Battle High: Elemental Revolt

Fighting games are one of my favorite genres, so after the disaster that was Raventhorne, I really looked forward to giving Battle High: San Bruno a shot.  Well actually, it’s now Battle High: Elemental Revolt.  Either way, I was hopeful it would get the 2011 Indie Game Summer Uprising back on track.

Nope.  0 for 2.

Honestly, it’s not that Battle High is broken or even bad.  It’s a fairly function throwback to the early 90s era of Street Fighter or SNK style fighting games.  The problem is that, well,  it’s a throwback to the early 90s era of Street Fighter or SNK style fighting games.  Those titles have been redone and cloned and rehashed and re-released a hundred times in the twenty years that have passed since they hit.  As a result, Battle High feels like a relic that is completely outclassed by the games it took inspiration from.

There’s eight fighters to choose from, none of which are memorable in the slightest way.  Well except maybe the chubby blond kid, and only because he kind of reminded me of Stewart from Beavis and Butt-head.  Everything else feels like a colossal Street Fighter wannabe, from the fighting styles to the extracurricular activities to the special moves.  There’s not one spark of true creativity on display here.  I was kind of under the impression that this whole Indie Uprising thing was supposed to showcase ingenuity and creativity.  I must have been mistaken.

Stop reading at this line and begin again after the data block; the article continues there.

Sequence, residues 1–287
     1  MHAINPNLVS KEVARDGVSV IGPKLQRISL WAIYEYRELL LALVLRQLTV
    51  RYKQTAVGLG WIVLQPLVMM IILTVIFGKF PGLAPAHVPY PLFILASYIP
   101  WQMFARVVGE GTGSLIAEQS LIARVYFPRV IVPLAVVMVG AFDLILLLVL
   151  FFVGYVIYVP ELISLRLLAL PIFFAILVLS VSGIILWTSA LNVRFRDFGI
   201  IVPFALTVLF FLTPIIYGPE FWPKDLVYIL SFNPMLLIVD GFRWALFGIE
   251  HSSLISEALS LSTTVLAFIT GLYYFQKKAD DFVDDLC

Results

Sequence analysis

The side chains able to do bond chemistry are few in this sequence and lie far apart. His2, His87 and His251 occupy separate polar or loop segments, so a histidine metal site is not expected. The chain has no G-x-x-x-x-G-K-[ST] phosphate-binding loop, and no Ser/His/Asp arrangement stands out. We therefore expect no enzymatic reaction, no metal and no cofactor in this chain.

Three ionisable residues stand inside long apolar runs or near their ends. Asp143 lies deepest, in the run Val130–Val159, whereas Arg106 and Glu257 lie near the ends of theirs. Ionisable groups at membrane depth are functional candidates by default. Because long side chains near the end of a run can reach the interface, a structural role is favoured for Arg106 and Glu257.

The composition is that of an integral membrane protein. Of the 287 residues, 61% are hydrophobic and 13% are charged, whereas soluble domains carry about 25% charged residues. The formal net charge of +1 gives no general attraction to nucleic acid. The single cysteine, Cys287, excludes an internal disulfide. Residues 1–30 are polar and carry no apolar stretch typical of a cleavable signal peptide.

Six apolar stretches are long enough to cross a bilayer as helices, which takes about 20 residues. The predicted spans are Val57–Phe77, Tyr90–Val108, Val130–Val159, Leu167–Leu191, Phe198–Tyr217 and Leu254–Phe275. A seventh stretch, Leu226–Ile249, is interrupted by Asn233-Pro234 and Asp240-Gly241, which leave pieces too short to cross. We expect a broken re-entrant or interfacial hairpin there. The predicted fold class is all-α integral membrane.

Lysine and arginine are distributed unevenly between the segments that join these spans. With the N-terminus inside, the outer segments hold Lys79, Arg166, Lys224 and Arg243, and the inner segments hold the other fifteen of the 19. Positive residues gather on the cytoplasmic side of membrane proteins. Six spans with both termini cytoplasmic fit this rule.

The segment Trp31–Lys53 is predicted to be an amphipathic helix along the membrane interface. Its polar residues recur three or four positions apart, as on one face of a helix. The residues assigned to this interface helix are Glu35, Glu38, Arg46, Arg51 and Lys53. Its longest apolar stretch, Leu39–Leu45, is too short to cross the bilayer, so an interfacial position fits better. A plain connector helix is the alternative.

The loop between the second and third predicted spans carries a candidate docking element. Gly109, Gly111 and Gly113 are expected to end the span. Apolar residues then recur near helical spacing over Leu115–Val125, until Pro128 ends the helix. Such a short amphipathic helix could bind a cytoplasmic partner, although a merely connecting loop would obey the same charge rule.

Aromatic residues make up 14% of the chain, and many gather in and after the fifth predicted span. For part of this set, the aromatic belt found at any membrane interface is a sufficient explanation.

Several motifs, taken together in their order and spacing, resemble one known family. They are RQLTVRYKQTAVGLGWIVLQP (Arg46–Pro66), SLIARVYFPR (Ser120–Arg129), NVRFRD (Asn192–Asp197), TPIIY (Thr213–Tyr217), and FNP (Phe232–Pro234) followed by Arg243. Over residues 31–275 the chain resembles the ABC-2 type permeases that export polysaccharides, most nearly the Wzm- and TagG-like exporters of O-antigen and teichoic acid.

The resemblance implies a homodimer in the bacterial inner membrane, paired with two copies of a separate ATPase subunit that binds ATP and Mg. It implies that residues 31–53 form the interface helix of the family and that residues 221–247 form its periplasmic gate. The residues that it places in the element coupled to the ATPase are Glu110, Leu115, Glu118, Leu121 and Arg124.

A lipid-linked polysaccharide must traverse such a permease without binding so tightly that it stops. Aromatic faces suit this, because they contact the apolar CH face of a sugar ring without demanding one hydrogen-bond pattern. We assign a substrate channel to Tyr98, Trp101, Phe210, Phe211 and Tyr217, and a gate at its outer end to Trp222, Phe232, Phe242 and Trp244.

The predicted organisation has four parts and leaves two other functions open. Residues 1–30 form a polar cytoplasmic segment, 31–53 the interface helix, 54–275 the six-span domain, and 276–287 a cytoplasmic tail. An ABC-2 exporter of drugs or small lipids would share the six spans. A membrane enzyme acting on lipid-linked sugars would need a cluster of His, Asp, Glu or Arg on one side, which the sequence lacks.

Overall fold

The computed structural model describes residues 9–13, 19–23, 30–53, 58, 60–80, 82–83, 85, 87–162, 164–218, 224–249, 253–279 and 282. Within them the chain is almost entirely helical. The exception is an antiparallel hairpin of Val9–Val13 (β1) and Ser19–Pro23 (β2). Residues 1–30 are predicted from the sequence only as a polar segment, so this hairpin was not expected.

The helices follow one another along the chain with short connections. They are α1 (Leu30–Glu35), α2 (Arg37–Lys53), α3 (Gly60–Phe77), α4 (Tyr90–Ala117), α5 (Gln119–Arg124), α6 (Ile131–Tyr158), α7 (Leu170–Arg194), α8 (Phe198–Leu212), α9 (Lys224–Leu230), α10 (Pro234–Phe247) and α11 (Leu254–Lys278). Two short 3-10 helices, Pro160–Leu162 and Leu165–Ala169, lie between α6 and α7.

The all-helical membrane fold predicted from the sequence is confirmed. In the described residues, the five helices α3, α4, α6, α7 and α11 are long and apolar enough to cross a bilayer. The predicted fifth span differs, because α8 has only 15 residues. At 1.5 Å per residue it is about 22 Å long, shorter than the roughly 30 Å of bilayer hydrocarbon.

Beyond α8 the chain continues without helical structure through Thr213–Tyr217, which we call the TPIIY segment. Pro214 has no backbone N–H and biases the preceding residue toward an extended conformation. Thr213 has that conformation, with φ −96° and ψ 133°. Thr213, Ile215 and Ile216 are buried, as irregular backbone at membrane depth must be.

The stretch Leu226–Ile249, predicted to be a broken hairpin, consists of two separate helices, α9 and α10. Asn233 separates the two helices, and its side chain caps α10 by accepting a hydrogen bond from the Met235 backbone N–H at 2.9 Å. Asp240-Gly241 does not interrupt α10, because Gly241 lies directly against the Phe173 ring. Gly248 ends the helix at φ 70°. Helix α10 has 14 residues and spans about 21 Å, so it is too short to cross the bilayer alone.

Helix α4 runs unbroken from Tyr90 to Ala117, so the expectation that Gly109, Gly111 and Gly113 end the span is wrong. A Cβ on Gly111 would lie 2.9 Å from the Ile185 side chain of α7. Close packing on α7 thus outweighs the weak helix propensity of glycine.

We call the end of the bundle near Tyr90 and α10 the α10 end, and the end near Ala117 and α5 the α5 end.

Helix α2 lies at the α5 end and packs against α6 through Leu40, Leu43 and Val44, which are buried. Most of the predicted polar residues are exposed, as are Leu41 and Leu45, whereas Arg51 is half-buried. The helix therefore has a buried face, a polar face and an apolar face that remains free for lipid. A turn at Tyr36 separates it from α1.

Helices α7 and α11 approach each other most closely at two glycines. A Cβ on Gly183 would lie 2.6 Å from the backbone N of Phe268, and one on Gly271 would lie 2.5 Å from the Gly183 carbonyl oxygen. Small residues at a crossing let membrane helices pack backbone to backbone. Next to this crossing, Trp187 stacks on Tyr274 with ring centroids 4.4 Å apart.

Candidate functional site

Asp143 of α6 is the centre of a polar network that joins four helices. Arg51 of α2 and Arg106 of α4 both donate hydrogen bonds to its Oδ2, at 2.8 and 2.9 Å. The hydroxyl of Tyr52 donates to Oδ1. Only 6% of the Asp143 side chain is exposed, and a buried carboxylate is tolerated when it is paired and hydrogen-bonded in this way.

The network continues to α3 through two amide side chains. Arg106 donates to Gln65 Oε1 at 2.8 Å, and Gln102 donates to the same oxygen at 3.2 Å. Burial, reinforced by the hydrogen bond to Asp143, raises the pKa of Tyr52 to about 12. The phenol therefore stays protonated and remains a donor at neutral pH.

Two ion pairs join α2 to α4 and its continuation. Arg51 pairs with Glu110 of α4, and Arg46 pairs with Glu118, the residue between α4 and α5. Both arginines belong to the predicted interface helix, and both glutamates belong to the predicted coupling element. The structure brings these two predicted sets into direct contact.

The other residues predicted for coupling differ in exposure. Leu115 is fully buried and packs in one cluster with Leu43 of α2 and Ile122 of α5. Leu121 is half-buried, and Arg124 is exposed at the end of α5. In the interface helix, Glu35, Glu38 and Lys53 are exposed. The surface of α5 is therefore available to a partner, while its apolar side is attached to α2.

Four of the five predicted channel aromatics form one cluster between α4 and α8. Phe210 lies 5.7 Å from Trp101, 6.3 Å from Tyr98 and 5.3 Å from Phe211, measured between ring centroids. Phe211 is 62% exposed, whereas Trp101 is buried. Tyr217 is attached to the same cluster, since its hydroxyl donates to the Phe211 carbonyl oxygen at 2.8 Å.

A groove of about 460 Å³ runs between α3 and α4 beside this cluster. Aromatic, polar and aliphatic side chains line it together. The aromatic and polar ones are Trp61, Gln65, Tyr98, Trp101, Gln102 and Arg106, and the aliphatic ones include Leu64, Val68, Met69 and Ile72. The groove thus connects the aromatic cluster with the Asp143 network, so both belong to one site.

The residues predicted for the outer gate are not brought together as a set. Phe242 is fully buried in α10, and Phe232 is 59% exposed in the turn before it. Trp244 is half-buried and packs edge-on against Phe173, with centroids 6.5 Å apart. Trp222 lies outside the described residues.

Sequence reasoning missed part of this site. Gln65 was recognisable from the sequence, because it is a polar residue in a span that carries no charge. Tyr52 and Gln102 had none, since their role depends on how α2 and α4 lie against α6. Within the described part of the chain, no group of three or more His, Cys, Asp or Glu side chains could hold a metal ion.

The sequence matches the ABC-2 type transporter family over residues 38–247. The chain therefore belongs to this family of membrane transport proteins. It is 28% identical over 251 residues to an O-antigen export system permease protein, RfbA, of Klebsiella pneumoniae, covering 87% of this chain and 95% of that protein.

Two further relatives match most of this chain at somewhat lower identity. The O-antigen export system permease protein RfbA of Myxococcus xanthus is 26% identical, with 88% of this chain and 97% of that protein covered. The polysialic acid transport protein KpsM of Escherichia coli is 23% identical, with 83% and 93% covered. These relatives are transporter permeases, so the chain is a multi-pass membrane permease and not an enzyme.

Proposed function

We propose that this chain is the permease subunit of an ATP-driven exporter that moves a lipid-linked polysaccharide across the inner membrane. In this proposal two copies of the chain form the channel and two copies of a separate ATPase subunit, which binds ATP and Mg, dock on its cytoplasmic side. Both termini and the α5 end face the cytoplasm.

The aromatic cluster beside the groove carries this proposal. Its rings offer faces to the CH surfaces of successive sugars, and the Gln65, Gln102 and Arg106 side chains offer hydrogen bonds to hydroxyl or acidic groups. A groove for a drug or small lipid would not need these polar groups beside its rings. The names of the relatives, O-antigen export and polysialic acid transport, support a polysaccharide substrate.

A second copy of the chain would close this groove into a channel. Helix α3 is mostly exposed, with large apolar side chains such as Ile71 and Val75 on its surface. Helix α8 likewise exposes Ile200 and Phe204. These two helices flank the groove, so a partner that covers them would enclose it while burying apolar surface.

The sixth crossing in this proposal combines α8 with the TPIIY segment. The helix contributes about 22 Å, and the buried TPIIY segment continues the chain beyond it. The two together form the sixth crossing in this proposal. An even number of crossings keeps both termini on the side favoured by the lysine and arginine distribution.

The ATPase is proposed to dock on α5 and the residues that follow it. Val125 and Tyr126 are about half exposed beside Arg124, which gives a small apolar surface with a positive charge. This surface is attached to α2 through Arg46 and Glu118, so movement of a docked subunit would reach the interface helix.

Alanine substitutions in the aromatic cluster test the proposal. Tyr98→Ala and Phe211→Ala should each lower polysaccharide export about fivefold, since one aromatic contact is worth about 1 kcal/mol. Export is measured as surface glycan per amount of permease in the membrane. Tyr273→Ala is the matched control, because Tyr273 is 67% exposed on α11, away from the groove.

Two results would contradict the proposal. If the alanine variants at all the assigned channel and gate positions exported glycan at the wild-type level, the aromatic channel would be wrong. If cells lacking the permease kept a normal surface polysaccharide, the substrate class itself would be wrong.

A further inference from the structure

And you know, the fighting really isn’t that good.  Even on the harder settings I was able to fool the AI with just random button mashing.  The developer did try to change things up slightly by throwing in a special super-duper attack.  You have a meter that fills up as you fight and once it’s full you can use it.  Except it doesn’t really function as intended.  The button combination required to pull it off is too long, and thus it takes a little too long to pull off.  Against an actual player instead of the AI, it would be so obvious I was trying to do it that there’s no way I could see it working.  Besides, the super-duper attack can easily be blocked or, even better (or worse depending on who’s using it), interrupted with the lightest of attacks.  It’s pretty much useless.

To the best of my knowledge, this has NEVER been done in a fighting game ever before.

One other gripe is that the Xbox controller really isn’t suited for 2D fighters.  I even have the silver controller with the transforming D-Pad, and although it’s so much better than the standard controller, it still really isn’t all that good for these types of games.  Using the analog stick isn’t a good choice either because it registers full movement if a gnat so much as leans on it.  I did have a lot more success using a fighting stick, but how many people out there own those?  Oh, and a personal nit-pick is that some of the characters I played as had a special move where you have to press forward, then down, then diagonally forward-down.  Call me retarded or a newb but I’ve never been able to do those type of moves in any fighting game, and I’m not the only one who’s like that.  It’s why I never used Ryu or Ken in Street Fighter II, because I could never get that damn Dragon Punch to work.